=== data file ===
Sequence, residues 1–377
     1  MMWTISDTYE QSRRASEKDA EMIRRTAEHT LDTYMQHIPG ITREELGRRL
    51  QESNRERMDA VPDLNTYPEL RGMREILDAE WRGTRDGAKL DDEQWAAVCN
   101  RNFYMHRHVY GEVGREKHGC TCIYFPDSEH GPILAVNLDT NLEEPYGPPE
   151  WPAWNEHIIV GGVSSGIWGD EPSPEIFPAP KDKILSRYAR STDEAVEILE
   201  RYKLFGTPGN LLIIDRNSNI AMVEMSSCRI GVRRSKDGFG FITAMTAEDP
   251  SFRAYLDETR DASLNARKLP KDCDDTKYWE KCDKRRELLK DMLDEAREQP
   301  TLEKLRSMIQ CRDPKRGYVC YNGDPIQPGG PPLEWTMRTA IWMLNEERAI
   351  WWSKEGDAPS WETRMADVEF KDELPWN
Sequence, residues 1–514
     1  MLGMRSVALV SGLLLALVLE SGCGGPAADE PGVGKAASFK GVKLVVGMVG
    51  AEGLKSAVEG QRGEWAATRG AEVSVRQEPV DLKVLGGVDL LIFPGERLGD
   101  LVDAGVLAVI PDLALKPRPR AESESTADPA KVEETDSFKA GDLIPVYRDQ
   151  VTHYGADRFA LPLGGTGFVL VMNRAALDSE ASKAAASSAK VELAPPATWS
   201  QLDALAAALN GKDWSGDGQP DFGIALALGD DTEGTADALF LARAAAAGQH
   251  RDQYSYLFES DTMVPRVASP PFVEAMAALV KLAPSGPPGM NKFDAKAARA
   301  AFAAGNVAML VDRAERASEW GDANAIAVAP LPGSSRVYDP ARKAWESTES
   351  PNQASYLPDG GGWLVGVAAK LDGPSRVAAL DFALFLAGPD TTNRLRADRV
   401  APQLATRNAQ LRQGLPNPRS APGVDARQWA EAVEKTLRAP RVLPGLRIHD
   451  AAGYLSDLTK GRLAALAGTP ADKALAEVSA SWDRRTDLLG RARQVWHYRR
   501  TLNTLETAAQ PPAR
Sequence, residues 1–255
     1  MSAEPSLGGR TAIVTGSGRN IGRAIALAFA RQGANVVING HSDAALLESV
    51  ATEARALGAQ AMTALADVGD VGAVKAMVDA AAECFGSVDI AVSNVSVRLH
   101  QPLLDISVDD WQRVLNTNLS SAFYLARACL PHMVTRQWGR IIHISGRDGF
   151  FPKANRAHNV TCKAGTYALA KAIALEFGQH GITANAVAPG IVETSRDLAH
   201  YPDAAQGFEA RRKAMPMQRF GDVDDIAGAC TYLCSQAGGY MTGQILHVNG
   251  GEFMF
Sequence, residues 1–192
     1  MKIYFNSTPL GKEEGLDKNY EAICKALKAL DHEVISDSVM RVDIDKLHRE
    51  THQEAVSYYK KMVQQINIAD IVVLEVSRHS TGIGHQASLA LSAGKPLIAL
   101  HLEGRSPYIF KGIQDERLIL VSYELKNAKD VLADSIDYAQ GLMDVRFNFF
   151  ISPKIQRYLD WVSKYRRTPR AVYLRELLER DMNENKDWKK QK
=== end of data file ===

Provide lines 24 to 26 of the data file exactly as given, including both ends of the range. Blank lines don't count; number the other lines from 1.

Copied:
    51  ATEARALGAQ AMTALADVGD VGAVKAMVDA AAECFGSVDI AVSNVSVRLH
   101  QPLLDISVDD WQRVLNTNLS SAFYLARACL PHMVTRQWGR IIHISGRDGF
   151  FPKANRAHNV TCKAGTYALA KAIALEFGQH GITANAVAPG IVETSRDLAH